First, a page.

How do brain cells that increase inflammation impact progression of Alzheimer’s?
The Jackson Laboratory
Bar Harbor, ME - United States
Recent research suggests that brain inflammation causes nerve cell damage and contributes to the worsening symptoms of Alzheimer’s. Inflammation in the brain is controlled by various types of immune-like cells called myeloid cells, which produce and release factors that either increase or decrease inflammation. Previous studies have tried to identify the types of myeloid cells that contribute to inflammation in Alzheimer’s using mice that develop Alzheimer’s disease-like brain changes. Unlike mice, humans have greater variation in their genes and Alzheimer’s develops differently from individual to individual. For this reason, identifying the myeloid cells involved in brain inflammation will require the study of many different types of model systems that include different sets of genes that contribute to Alzheimer’s-like brain changes.
Dr. Hongtian Yang proposes to identify these myeloid cell types from five different kinds of mice, each genetically-engineered to carry an Alzheimer’s risk gene and to develop Alzheimer’s-like brain changes. The researchers will isolate and examine the types of myeloid cells from these five types of engineered mice and use a sophisticated software technique to identify the genes in these cells that contribute to brain inflammation. Dr. Yang then plans to test the effects of these genes on myeloid cells grown in a laboratory dish. Finally, the researchers will compare the specific mouse genes involved in brain inflammation to genes in cognitively unimpaired individuals and those with Alzheimer’s.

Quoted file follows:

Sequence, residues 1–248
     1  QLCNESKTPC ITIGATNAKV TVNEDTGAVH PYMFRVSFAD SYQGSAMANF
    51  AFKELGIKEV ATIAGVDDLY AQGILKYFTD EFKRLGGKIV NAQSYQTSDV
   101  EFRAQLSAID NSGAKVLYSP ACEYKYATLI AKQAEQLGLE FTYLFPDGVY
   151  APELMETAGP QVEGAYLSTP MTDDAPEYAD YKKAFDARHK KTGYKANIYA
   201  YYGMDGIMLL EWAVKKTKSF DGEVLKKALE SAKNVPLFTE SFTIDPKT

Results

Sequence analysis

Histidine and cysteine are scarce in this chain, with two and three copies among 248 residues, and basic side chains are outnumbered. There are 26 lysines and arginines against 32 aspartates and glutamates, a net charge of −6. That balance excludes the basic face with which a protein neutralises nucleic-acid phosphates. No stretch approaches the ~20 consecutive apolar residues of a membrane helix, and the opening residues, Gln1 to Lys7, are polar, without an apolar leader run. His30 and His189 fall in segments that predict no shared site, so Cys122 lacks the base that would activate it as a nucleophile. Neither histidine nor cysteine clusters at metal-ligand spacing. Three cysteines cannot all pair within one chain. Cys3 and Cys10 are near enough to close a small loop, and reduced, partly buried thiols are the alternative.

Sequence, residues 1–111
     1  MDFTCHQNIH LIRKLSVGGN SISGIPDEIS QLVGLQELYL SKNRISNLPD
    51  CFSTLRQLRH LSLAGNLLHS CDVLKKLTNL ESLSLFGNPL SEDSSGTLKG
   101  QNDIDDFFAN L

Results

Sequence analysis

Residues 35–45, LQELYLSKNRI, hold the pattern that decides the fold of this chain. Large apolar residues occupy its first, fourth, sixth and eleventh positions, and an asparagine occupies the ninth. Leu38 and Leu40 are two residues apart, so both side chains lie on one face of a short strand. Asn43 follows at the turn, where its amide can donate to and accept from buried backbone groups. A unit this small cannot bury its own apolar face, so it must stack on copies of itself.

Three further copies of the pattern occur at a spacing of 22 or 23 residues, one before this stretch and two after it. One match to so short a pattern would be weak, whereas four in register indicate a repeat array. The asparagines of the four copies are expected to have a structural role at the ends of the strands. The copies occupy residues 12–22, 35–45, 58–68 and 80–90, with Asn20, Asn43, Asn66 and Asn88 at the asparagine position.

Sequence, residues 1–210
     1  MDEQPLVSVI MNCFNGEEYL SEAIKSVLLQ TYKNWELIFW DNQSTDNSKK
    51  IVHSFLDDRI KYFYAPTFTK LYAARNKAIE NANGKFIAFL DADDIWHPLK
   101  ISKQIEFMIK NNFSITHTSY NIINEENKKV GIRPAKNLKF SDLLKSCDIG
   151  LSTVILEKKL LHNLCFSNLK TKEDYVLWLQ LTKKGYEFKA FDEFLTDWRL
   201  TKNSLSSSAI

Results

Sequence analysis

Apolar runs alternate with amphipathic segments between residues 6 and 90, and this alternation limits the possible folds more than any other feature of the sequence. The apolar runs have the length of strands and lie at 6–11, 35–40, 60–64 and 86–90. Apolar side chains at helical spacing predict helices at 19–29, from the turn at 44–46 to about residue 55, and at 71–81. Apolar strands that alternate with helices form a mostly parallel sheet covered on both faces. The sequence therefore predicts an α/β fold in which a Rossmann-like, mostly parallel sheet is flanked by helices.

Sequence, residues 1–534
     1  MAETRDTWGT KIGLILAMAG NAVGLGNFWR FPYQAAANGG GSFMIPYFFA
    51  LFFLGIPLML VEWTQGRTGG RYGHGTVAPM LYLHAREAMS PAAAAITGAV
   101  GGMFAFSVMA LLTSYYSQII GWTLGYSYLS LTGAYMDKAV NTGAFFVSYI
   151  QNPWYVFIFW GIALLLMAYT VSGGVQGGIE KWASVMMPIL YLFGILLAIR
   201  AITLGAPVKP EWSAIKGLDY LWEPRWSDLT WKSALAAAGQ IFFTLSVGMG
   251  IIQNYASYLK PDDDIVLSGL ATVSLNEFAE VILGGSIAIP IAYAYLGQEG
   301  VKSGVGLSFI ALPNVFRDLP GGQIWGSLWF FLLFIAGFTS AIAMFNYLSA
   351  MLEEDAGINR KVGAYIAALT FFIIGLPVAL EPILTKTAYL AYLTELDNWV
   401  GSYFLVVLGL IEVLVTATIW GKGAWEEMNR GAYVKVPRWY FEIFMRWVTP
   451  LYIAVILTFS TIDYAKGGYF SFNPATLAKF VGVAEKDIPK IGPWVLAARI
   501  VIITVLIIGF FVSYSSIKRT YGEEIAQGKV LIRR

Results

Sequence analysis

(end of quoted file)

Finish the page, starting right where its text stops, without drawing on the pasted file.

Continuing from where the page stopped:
Identification of the myeloid cell types and genes that contribute to inflammation in the brain may lead to new therapeutic approaches that “turn off” or “turn on” these genes in myeloid cells to prevent nerve cell damage and slow the progression of Alzheimer’s.
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